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Under what circumstances should I use afterTextChanged instead of onTextChanged and vice versa?

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These events are called in the following order:

  1. beforeTextChanged(CharSequence s, int start, int count, int after).
    This means that the characters are about to be replaced with some new text. The text is uneditable.
    Use: when you need to take a look at the old text which is about to change.

  2. onTextChanged(CharSequence s, int start, int before, int count).
    Changes have been made, some characters have just been replaced. The text is uneditable.
    Use: when you need to see which characters in the text are new.

  3. afterTextChanged(Editable s).
    The same as above, except now the text is editable.
    Use: when you need to see and possibly edit the new text.

If I'm just listening for changes in EditText, I won't need to use the first two methods at all. I will just receive new values in the third method and correct new text if needed. However, if I had to track down exact changes which happen to the values, I would use the first two methods. If I also had a need to edit the text after listening to the changes, I would do that in the third method.

  • Helped me understand why changing text in onTextChanged was leading to ANR. – Sukhvir Singh Jun 13 '18 at 4:43
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public void afterTextChanged(Editable s)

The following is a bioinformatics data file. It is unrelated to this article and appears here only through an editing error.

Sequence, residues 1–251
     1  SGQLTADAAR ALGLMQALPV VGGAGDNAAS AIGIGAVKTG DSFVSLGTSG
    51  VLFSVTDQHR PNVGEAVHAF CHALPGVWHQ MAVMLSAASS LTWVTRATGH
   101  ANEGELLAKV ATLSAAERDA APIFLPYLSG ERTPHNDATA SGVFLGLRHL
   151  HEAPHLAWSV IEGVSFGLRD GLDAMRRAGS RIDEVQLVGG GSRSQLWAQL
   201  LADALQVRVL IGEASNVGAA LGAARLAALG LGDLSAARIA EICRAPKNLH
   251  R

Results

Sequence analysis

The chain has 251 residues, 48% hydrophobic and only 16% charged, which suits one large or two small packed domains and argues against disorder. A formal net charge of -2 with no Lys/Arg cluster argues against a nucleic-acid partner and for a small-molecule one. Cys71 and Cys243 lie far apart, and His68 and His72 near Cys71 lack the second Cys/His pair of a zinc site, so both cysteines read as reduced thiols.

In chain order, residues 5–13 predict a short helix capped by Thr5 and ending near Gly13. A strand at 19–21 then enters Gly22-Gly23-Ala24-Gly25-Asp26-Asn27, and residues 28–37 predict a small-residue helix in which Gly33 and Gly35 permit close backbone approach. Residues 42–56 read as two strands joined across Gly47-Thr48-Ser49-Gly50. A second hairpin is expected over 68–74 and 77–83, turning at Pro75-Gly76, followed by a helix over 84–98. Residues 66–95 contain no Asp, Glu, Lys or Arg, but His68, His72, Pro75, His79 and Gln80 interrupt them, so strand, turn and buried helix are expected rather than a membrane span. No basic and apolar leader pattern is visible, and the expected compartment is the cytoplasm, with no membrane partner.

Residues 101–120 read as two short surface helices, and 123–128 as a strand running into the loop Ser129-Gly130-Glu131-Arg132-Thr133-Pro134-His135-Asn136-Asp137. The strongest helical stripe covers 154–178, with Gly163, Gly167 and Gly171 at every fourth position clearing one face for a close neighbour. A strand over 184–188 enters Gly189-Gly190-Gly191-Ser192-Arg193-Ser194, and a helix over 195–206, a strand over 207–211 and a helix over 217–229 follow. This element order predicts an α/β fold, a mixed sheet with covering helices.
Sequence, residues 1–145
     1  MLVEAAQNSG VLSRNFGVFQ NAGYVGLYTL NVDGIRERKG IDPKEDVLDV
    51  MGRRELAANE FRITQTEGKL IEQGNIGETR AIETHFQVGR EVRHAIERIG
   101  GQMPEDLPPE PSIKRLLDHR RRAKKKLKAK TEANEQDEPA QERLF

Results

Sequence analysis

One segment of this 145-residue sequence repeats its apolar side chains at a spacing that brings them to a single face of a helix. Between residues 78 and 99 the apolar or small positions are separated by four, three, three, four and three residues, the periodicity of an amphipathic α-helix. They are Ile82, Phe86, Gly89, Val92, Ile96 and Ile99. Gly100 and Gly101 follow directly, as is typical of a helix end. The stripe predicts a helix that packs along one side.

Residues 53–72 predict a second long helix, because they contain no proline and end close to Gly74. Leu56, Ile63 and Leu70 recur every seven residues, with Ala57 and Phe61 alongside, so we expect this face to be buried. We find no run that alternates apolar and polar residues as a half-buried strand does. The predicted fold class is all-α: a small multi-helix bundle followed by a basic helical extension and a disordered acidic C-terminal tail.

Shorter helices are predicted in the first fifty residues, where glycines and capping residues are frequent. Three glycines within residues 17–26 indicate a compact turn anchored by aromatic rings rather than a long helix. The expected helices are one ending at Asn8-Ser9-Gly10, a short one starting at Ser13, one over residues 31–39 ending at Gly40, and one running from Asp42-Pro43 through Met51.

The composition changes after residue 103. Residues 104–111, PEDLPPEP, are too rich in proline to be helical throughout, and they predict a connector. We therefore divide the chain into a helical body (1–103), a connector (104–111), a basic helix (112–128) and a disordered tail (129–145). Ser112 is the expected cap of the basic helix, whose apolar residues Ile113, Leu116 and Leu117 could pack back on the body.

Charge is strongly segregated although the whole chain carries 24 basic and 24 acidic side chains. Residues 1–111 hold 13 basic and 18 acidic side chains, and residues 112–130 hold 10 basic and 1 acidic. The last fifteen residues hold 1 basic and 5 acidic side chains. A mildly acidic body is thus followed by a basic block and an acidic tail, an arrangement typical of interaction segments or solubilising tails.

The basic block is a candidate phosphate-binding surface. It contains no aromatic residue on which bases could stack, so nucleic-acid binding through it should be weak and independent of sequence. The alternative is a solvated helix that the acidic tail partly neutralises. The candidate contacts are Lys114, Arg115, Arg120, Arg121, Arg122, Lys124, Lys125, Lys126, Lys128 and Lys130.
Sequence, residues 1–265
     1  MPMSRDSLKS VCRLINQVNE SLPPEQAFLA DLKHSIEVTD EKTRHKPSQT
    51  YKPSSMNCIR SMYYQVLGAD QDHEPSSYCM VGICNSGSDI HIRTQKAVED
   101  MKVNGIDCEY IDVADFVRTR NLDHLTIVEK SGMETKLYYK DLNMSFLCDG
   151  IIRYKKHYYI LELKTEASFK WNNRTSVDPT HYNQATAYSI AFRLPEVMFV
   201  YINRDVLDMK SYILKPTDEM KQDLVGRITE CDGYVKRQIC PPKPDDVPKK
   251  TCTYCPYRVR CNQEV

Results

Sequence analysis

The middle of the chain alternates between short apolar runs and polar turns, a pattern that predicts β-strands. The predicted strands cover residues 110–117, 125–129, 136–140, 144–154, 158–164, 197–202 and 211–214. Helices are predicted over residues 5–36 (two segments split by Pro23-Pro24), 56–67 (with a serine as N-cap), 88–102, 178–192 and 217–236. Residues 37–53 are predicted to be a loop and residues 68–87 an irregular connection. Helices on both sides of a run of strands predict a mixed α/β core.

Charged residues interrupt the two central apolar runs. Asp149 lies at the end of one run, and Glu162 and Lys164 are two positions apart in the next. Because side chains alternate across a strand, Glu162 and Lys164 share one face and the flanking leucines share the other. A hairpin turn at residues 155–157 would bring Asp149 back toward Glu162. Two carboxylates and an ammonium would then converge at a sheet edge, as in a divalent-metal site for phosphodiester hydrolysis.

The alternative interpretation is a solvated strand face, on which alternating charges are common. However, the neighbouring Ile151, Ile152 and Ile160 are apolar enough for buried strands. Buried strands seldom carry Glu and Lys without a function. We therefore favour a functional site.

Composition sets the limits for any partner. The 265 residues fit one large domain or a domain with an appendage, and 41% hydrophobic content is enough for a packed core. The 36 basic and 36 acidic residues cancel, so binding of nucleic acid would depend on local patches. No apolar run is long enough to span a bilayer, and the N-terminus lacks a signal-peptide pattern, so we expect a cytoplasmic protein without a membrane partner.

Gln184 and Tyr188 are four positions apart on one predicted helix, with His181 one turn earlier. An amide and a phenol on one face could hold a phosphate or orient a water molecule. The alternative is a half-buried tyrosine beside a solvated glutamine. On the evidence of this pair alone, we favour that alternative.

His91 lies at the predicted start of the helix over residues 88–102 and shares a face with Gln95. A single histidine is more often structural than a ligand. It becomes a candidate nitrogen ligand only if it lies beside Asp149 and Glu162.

This method is called to notify you that, somewhere within s, the text has been changed. It is legitimate to make further changes to s from this callback, but be careful not to get yourself into an infinite loop, because any changes you make will cause this method to be called again recursively. (You are not told where the change took place because other afterTextChanged() methods may already have made other changes and invalidated the offsets. But if you need to know here, you can use setSpan(Object, int, int, int) in onTextChanged(CharSequence, int, int, int) to mark your place and then look up from here where the span ended up.

public void beforeTextChanged(CharSequence s, int start, int count, int after)

This method is called to notify you that, within s, the count characters beginning at start are about to be replaced by new text with length after. It is an error to attempt to make changes to s from this callback.

public void onTextChanged(CharSequence s, int start, int before, int count)

This method is called to notify you that, within s, the count characters beginning at start have just replaced old text that had length before. It is an error to attempt to make changes to s from this callback.

Right from Android's Reference for TextWatcher.

0

Android Textwatcher is one kind of trigger which is called on text change of an input field.

afterTextChanged (Editable s) - This method is called when the text has been changed. Because any changes you make will cause this method to be called again recursively, you have to be watchful about performing operations here, otherwise it might lead to infinite loop.

onTextChanged (CharSequence s, int start, int before, int count) - This method is called to notify you that, within s, the count characters beginning at start have just replaced old text that had length before. It is an error to attempt to make changes to s from this callback.

  • 3
    Copy/paste the documentation isn't helpful and doesn't answer the question. – David Wasser Jun 26 '18 at 8:22

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